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PHILLIP FRENCH DIRECTOR AUSTRALIAN CENTRE FOR DISABILITY LAW 2012 Asserting human rights under the Optional Protocol.

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Presentation on theme: "PHILLIP FRENCH DIRECTOR AUSTRALIAN CENTRE FOR DISABILITY LAW 2012 Asserting human rights under the Optional Protocol."— Presentation transcript:

1 PHILLIP FRENCH DIRECTOR AUSTRALIAN CENTRE FOR DISABILITY LAW 2012 Asserting human rights under the Optional Protocol

2 Overview The treaty body and its functions The communications mechanism  Jurisdiction/admissibility  Procedure  Outcomes

3 The Committee on the Rights of Persons with Disabilities CRPD “Treaty Body” – established under Article 34 Has 18 members who serve 4 year terms  Persons of high moral integrity  Recognised competence and experience in the field Meets for at least two “sessions” each year Supported by the UN Secretariat under the delegation of the Secretary General through the Office of the High Commissioner for Human Rights

4 The Committee on the Rights of Persons with Disabilities General Monitoring Functions under the CRPD  Consider State Party reports on the implementation of the CRPD  Make recommendations  Make General Comments  Cooperate with UN specialised agencies  Cooperate with other treaty bodies in the implementation of the CRPD so as to ensure consistency of approach  Report to the UN General Assembly and the Economic and Social Council on its activities and progress in the implementation of the CRPD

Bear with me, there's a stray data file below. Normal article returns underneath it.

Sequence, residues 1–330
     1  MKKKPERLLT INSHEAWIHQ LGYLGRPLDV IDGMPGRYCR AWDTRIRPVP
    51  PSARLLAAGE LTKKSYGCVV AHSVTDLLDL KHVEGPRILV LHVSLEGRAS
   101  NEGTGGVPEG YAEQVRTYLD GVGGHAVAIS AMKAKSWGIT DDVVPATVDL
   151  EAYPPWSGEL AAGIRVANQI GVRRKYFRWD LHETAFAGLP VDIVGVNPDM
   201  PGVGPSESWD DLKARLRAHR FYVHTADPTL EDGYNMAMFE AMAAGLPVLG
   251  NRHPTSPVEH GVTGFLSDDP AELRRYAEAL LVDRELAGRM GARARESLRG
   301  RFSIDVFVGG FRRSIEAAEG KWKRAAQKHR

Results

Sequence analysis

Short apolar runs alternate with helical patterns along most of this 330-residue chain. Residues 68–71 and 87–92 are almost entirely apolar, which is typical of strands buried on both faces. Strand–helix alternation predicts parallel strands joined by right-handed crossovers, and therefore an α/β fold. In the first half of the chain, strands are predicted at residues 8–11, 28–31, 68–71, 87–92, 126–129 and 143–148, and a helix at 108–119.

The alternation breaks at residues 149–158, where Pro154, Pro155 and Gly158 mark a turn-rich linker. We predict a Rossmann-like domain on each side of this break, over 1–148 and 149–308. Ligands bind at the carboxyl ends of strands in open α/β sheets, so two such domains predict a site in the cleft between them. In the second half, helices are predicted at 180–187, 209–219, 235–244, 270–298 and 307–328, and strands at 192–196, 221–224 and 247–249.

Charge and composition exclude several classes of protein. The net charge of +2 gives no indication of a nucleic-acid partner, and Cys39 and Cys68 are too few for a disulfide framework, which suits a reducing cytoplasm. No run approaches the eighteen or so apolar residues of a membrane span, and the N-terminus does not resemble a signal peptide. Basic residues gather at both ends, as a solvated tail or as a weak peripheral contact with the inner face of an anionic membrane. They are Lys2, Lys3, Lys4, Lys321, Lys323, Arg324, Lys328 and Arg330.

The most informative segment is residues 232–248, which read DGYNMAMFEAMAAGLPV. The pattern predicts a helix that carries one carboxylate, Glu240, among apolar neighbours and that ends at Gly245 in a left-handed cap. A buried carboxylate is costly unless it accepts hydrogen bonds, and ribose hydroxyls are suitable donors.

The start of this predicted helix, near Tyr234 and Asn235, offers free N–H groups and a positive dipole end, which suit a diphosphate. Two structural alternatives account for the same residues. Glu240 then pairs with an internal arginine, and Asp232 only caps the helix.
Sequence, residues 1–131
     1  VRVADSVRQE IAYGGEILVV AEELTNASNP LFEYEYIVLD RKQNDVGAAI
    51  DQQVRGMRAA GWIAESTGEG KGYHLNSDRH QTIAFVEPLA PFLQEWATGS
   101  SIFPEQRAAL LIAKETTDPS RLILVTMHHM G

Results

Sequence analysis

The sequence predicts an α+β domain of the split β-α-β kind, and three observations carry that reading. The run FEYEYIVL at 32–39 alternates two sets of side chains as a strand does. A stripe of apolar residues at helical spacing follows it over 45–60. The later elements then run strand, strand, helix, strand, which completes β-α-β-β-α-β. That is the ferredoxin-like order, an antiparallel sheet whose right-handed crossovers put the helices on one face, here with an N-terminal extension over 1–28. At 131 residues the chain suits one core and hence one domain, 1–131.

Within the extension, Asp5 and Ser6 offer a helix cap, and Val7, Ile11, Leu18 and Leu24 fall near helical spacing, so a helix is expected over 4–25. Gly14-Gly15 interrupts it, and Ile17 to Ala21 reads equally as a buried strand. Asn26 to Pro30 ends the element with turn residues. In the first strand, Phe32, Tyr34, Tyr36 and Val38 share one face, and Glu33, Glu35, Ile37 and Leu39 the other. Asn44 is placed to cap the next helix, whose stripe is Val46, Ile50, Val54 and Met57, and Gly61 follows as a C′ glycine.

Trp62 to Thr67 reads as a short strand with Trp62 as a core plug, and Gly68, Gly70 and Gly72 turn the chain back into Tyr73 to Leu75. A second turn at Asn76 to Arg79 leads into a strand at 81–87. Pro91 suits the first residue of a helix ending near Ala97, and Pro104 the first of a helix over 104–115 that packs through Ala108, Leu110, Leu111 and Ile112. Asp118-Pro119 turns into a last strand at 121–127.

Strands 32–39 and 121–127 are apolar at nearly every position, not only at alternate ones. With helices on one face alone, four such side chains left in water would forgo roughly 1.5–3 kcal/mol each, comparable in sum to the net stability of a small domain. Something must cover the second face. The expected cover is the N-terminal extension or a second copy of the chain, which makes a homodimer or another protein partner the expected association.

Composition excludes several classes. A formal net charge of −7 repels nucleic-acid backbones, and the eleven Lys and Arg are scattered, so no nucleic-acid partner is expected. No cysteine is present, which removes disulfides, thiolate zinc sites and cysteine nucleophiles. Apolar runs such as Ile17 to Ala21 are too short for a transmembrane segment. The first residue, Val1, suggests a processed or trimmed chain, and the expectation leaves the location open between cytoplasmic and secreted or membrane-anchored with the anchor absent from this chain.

5 The Committee on the Rights of Persons with Disabilities Special intervention measures under the CRPD Optional Protocol  Receive and consider “communications” (complaints) concerning State parties which allege violation of CRPD “provisions” (Article 1)  Cooperate with State Parties in the examination of allegations of gross or systemic violation of the CRPD “provisions” (Article 6)

6 Communications mechanism Governed by:  Terms of the CRPD Optional Protocol – Articles 1 to 5 But also:  CRPD Treaty Body has developed “Rules of Procedure”  Part XIV (paragraphs 55 to 77) set out the procedure for the consideration of communications received under the Optional Protocol  More generally, there are existing procedures and precedents for the handling of complaints by other Treaty Bodies  Likely to be a source of both guidance and tensions

7 Communications mechanism Jurisdiction (Article 1)  State Parties recognise the competence of the Committee to receive and consider communications from of on behalf of “individuals” or “groups of individuals” subject to its jurisdiction who claim to be victims of a violation by that State Party of the provisions of the Convention  Key issues:  State Parties to the Optional Protocol  From or on behalf of  Individuals or groups of individuals  Subject to the jurisdiction of the State Party  Victim of a violation of the provisions of the CRPD  By that State Party

8 Communications mechanism Admissibility of communications (Article 2)  A communication is not “admissible” (not capable of being considered) if:  It is anonymous  If it is an abuse of the right of submission  If it is incompatible with the provisions of the convention  If the same matter has already been examined by the Committee  If the same matter has been, or is currently subject to, another international investigation or settlement procedure  All available domestic remedies have not been exhausted  If the complaint is manifestly ill-founded  If the complaint is not sufficiently substantiated  If the facts that constitute the subject matter of the complaint occurred prior to the entry into force of the Optional Protocol for that State Party